Thoughts on Megacities in the Developing World
Without a question, we are living in an urban era. More people now live in cities than anywhere else on the planet and I’ve repeatedly argued that cities are our most important economic engine. As a result of these demographic and economic shifts, we’re seeing megacities at a scale the world has never seen before. Below is a list of the top 35 largest urban areas in the world.
The top urban area is Tokyo-Yokohama, with a population of roughly 37.5 million people. That’s almost the same as the state of California and is more than the entire population of Canada, which sits at just over 35 million people. London, which, during the 2nd half of the 19th century, would have been the largest urban area in the world is now the 29th largest.
But at the same time, London arguably remains the most important global city—a title that can only really be rivalled by New York. Which raises an important distinction. One that Aaron Renn clearly identifies in this recent article for New Geography: Just because a city is a megacity, doesn’t mean it is or will ever be a global city. In fact, Renn argues that many of the world’s largest megacities will never “turn the corner” and become leaders of the global economy.
For that to happen, he believes that the city needs to belong to a country on the rise:
Moscow was the capital of the Soviet Empire. New York and Los Angeles came of age when America was the rising, and ultimately dominant, economic colossus. It’s the same for Paris and London, two borderline megacities, which rose as imperial capitals.
But how much of this is driven by the country and how much of it can be driven by the city itself, upwards? Could it be the city that ultimately empowers the country to rise? I ask these questions because Renn frames his argument as if “national hyper growth” is the only prerequisite that will allow the struggling and underdeveloped megacities to pull themselves up and into the developed world.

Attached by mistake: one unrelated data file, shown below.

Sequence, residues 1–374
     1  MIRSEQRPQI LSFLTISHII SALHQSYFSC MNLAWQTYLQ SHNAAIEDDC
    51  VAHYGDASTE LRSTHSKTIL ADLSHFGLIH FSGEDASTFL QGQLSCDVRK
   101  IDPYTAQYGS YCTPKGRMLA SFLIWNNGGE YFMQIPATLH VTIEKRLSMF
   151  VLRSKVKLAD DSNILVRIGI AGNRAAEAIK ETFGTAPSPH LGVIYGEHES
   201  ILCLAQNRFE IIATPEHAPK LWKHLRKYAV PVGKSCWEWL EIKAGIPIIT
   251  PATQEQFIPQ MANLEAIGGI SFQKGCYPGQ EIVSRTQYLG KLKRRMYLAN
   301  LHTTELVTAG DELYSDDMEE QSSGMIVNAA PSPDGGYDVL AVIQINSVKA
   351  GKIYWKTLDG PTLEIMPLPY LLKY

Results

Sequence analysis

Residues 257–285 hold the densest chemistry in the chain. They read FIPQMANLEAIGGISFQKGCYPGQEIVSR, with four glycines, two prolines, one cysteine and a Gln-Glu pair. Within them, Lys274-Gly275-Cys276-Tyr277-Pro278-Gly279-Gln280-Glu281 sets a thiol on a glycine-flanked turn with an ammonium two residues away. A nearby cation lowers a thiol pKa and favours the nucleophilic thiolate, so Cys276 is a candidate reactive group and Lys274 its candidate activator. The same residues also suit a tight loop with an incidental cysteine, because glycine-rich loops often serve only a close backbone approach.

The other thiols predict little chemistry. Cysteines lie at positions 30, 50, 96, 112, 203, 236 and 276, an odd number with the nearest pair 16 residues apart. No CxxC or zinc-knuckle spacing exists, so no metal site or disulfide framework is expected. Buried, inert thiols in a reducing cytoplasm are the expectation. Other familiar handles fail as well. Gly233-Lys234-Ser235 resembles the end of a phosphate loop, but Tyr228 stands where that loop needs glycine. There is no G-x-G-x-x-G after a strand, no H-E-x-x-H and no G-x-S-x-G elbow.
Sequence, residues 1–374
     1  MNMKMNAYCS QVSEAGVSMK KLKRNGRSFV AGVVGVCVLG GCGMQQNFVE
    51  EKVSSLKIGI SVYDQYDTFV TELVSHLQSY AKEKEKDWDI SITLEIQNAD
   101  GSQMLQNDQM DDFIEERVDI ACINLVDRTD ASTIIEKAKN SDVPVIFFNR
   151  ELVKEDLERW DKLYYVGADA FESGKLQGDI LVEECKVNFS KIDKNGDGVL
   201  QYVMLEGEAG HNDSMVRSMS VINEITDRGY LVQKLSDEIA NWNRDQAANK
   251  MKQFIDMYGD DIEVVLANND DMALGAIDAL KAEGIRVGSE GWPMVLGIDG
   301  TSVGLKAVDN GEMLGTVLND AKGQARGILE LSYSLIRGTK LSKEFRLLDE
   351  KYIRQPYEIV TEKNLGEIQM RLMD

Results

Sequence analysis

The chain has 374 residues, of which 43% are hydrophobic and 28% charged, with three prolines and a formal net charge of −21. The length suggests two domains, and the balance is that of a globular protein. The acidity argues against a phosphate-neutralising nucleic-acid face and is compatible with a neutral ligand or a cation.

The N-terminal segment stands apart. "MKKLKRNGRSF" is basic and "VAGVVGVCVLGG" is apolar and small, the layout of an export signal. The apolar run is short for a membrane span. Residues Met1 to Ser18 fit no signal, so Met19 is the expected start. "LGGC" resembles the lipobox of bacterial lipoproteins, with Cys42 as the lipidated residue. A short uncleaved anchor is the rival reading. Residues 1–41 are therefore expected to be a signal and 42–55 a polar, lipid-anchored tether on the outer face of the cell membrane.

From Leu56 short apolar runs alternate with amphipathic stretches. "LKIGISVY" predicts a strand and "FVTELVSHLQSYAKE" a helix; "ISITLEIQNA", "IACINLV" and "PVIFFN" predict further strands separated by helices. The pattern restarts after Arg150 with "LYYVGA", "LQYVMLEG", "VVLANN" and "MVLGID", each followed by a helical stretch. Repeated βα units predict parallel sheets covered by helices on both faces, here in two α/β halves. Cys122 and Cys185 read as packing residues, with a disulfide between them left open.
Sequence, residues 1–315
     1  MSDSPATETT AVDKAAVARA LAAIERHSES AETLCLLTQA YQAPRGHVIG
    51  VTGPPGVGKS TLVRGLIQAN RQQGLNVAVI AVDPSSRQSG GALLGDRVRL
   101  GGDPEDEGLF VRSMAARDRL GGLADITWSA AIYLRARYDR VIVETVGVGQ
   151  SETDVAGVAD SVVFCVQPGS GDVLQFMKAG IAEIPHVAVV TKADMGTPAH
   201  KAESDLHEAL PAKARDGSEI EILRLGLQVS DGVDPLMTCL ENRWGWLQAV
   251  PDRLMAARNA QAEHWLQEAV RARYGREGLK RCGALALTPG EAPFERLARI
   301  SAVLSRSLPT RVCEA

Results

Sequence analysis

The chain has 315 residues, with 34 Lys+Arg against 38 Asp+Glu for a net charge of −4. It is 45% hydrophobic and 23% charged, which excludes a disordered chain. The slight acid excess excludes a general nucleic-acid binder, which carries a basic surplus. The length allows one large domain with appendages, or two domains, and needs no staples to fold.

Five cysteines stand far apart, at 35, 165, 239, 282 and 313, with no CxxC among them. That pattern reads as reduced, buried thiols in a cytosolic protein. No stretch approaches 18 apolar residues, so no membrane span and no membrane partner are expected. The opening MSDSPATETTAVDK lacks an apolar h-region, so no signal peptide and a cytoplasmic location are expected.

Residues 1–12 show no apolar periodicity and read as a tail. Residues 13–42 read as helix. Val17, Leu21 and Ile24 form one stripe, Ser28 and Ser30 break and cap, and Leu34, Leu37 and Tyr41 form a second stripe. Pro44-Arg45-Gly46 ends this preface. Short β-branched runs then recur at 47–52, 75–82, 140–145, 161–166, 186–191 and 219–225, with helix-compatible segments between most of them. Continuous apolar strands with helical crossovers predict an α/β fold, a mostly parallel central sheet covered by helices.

But the problem is that there’s no clear path to prosperous maturity for these megacities. They are so huge, and their problems so immense that they are difficult to even conceptualize, much less do something about. The amount of needed infrastructure provision alone – water, sanitation, drainage, transport, telecom, electricity, parks, schools, etc. – is staggering. And that doesn’t even touch arguably more difficult problems like corruption and good governance. Absent national hyper growth – a la Japan or Korea – of a level that creates a plausible claim to being the world’s rising economic power, or the proceeds of empire, it seems unlikely any of these cities will ever succeed. By contrast, smaller cities have a much more addressable problem space.
Now, I don’t disagree that the problems in these cities seem almost insurmountable. I’ve been to places like Dhaka, Bangladesh. I’ve witnessed first hand the challenges facing megacities in the developing world.
But to assume that these cities are lost causes without the nation itself lifting it up, seems almost self defeating and overly pessimistic. It also strikes me as a bit of a chicken and egg scenario. Because if cities are our economic engine, then “national hyper growth” seems difficult without also getting our cities right.
What comes first?
Yes, there are and will be reforms that need to happen at the federal level but, at the same time, I think there’s a lot that can and should happen from the ground up. Perhaps that’s part of the reason Singapore has been so successful. As a city-state, its reforms were both top down and bottom up.
I want to believe that with the right reforms, policies, and leadership, any country can create a framework in which its cities are able to thrive. And that it’s not just the result of imperial rule or some other circumstance. From good and transparent governance to developed financial markets, there are many things that cities need to truly prosper. But when you get it right, the results can be remarkable.
Photo Credit: Megacities and Development/shutterstock
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